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An efficient and modular route to sequence-defined polymers appended to DNA

Edwardson, T.G.W., Carneiro, K.M.M., Serpell, C.J., Sleiman, H.F. (2014) An efficient and modular route to sequence-defined polymers appended to DNA. Angewandte Chemie International Edition, 53 (18). pp. 4567-4571. ISSN 1433-7851. (doi:10.1002/anie.201310937) (The full text of this publication is not currently available from this repository. You may be able to access a copy if URLs are provided) (KAR id:49478)

The full text of this publication is not currently available from this repository. You may be able to access a copy if URLs are provided. (Contact us about this Publication)
Official URL
https://doi.org/10.1002/anie.201310937

Abstract

Inspired by biological polymers, sequence-controlled synthetic polymers are highly promising materials that integrate the robustness of synthetic systems with the information-derived activity of biological counterparts. Polymer-biopolymer conjugates are often targeted to achieve this union; however, their synthesis remains challenging. We report a stepwise solid-phase approach for the generation of completely monodisperse and sequence-defined DNA-polymer conjugates using readily available reagents. These polymeric modifications to DNA display self-assembly and encapsulation behavior - as evidenced by HPLC, dynamic light scattering, and fluorescence studies - which is highly dependent on sequence order. The method is general and has the potential to make DNA-polymer conjugates and sequence-defined polymers widely available. Bilingual: A stepwise solid-phase synthesis approach provides easy access to sequence-controlled polymers attached to DNA. Polymers with the same molecular composition but different monomer patterns exhibit different amphiphilic self-assembly. The DNA component still retains base-pairing fidelity, and thus one molecule "speaks" two orthogonal and programmable assembly languages. © 2014 WILEY-VCH Verlag GmbH & Co. KGaA, Weinheim.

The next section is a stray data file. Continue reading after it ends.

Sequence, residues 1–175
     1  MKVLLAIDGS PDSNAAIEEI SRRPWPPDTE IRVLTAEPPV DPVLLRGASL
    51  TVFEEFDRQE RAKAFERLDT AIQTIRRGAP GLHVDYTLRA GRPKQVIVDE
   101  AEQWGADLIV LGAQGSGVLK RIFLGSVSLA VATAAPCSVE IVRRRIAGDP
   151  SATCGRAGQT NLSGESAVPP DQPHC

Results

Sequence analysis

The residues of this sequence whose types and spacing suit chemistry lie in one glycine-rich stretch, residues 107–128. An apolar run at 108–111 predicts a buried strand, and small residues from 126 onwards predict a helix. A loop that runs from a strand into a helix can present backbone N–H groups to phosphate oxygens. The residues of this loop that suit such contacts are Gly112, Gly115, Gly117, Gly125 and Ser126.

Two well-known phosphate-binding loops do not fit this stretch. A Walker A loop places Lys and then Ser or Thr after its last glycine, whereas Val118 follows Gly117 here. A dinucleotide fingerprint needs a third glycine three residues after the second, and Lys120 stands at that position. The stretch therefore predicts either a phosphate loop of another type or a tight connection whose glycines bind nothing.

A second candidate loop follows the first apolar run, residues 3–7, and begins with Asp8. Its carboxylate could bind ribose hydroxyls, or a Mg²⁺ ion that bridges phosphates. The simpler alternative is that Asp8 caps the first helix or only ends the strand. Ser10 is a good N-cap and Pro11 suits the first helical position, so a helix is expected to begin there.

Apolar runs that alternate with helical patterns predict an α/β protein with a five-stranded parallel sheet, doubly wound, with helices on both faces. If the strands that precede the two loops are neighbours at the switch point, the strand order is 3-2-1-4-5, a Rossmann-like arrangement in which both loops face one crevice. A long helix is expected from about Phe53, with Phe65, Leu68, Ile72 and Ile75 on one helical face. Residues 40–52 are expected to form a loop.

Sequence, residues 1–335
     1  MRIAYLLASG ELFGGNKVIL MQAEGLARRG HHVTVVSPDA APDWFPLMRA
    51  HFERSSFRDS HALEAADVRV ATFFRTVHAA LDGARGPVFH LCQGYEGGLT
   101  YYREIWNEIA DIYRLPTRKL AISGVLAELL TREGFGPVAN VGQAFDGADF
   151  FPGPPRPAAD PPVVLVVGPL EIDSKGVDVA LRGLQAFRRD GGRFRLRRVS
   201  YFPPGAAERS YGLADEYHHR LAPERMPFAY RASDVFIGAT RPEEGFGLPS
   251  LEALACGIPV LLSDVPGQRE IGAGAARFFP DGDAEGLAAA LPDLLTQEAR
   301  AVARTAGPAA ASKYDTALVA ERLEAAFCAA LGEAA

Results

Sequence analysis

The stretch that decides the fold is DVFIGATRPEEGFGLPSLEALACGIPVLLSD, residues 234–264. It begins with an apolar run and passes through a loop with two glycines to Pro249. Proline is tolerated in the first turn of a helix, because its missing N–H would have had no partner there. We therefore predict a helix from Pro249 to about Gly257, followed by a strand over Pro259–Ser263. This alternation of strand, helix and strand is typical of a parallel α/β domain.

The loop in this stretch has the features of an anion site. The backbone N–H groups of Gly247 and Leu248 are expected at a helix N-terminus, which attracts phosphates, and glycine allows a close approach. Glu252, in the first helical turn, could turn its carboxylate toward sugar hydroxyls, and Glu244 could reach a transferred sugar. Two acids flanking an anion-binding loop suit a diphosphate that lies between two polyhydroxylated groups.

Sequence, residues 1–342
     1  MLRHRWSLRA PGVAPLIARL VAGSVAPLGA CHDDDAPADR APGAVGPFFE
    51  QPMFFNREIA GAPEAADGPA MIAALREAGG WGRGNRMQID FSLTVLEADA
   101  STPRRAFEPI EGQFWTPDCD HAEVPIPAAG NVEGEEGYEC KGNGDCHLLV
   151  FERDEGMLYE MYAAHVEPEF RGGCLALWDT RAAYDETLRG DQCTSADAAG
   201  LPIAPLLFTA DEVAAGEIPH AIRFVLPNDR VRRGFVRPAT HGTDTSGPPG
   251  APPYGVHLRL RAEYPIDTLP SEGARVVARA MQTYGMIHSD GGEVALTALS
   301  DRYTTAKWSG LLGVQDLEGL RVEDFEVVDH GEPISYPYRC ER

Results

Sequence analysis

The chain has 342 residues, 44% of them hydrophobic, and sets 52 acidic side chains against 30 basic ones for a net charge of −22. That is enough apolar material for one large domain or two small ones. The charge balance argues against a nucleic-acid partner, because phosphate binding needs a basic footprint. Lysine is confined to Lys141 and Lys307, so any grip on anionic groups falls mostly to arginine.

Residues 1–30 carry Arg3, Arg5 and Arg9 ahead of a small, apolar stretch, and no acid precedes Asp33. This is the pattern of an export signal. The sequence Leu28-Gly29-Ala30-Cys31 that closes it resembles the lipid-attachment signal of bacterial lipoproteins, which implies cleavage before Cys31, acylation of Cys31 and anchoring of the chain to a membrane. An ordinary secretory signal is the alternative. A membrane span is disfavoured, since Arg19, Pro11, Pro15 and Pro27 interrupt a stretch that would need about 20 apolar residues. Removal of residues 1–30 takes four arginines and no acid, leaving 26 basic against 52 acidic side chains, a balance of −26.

Item Type: Article
DOI/Identification number: 10.1002/anie.201310937
Additional information: Unmapped bibliographic data: LA - English [Field not mapped to EPrints] J2 - Angew. Chem. Int. Ed. [Field not mapped to EPrints] C2 - 24677769 [Field not mapped to EPrints] AD - Department of Chemistry, McGill University, 801 Sherbrooke St. West, Montreal, QC H3A 0B8, Canada [Field not mapped to EPrints] DB - Scopus [Field not mapped to EPrints]
Uncontrolled keywords: Functional Materials Group, amphiphiles, DNA, polymers, self-assembly, solid-phase synthesis, Amphiphiles, Biopolymers, DNA, Self assembly, Biological polymers, Fluorescence studies, Molecular compositions, Mono-disperse, Programmable Assembly, Solid phase synthesis, Synthetic polymers, Synthetic systems, Polymers, biomaterial, DNA, polymer, atomic force microscopy, chemical structure, chemistry, high performance liquid chromatography, mass spectrometry, metabolism, solid phase synthesis, Biocompatible Materials, Chromatography, High Pressure Liquid, DNA, Microscopy, Atomic Force, Models, Molecular, Molecular Structure, Polymers, Solid-Phase Synthesis Techniques, Spectrometry, Mass, Matrix-Assisted Laser Desorption-Ionization
Subjects: Q Science > QD Chemistry
Divisions: Faculties > Sciences > School of Physical Sciences > Functional Materials Group
Depositing User: Giles Tarver
Date Deposited: 10 Jul 2015 15:52 UTC
Last Modified: 03 Apr 2020 12:13 UTC
Resource URI: https://kar.kent.ac.uk/id/eprint/49478 (The current URI for this page, for reference purposes)
Serpell, C.J.: https://orcid.org/0000-0002-2848-9077
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